Duke leads national effort to improve lung transplant survival
A $12.95 million NIH grant awarded to Duke researcher Scott Palmer, MD, will fund a network of centers dedicated to improving patient survival following lung transplant, and discovering therapies to decrease the risk of lung rejection.
The grant is a much-needed shot in the arm for lung transplant research, explains Palmer. “There has been a lack of support for multi-center research to define best practices, and to better understand why some patients have so much trouble with rejection and only survive a short time after transplantation. This is a huge breakthrough. Hopefully it will make a difference for everyone.”
Lung transplant is an important treatment for advanced lung disease including Chronic Obstructive Pulmonary Disorder (COPD), cystic fibrosis, interstitial lung disease, and pulmonary hypertension. While the number of lung transplants is on the rise, lung transplant patients do not do well as recipients of other organs. Patient survival rates following lung transplant are low, by comparison, and rejection rates are high.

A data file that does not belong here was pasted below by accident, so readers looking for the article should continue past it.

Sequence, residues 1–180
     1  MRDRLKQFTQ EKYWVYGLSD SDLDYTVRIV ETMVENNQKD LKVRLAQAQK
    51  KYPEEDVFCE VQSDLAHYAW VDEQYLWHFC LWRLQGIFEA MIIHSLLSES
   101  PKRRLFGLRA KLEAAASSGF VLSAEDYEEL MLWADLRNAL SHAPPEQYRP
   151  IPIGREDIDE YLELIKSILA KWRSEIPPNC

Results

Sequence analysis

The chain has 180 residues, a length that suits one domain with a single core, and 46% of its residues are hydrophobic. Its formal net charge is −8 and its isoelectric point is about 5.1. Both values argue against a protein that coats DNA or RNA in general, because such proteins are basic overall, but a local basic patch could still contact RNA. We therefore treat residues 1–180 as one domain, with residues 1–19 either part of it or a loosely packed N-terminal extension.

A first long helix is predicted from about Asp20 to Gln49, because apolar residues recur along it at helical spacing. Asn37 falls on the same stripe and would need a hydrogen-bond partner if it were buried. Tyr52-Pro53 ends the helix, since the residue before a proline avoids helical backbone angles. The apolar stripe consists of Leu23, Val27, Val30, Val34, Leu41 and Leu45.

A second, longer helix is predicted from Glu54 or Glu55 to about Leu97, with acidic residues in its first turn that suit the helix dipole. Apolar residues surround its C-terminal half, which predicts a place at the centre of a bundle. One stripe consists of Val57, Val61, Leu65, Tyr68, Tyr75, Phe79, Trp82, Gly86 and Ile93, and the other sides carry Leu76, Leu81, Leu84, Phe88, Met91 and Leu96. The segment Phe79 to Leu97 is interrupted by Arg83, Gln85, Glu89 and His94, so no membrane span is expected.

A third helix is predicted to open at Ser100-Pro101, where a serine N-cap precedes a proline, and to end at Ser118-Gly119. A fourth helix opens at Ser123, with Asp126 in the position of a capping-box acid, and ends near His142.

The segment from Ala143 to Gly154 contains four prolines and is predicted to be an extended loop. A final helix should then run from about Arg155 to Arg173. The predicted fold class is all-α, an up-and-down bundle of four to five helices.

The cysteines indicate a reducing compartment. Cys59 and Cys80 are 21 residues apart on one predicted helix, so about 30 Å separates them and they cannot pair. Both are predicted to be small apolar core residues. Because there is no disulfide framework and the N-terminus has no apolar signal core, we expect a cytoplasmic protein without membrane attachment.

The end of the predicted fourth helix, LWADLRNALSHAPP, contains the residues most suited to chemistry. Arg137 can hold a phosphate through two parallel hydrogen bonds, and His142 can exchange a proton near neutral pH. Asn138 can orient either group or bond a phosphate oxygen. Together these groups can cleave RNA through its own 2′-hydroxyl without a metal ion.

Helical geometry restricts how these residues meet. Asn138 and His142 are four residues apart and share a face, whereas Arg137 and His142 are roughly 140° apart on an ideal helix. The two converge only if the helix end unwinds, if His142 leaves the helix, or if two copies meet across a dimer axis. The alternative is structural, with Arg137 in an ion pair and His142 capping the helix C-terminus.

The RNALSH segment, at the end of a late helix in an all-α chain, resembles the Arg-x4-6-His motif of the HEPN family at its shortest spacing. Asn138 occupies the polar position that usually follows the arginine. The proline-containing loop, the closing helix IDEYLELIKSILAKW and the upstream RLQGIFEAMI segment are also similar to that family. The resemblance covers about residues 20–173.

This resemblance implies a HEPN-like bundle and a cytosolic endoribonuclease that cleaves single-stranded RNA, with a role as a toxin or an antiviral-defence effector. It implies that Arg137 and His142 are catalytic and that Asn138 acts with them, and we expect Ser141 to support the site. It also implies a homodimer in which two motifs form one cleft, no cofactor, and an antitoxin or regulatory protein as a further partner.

Duke is one of the largest lung transplant centers in the U.S. With Palmer at the lead, it will be the coordinating center for the development of multi-center clinical trials. The grant will fund the first Lung Transplant Clinical Trials Network, which will include Duke, the Cleveland Clinic, Johns Hopkins University, the University of California – Los Angeles and the University of Toronto.
The network’s research will address the post transplant complications that contribute to poor outcomes. It will look at current and new therapies to decrease the risk of organ rejection, and ways to reduce the risk of infection, which often contributes to rejection failure. The network also intends to gain a better understanding of the mechanisms involved in the loss of lung function following transplant, often a major cause of post transplant death.
“Together, we’ll be able to establish the best practices, and gain more insights into the kinds of problems that result in infection and chronic lung rejection,” says Palmer. “We’ll use the information to guide further trials and future therapies, and ultimately improve our long-term patient outcomes.”
Duke patients will be in a unique position to gain from this vast learning experience. “At Duke,” Palmer says, “We are constantly translating the lessons we’re learning from our research experience into practice and better patient care. In addition to being one of the largest lung transplant programs in the U.S., we’re also pushing the research frontiers tailored around how we make this a better experience and outcome for our lung transplant patients.”
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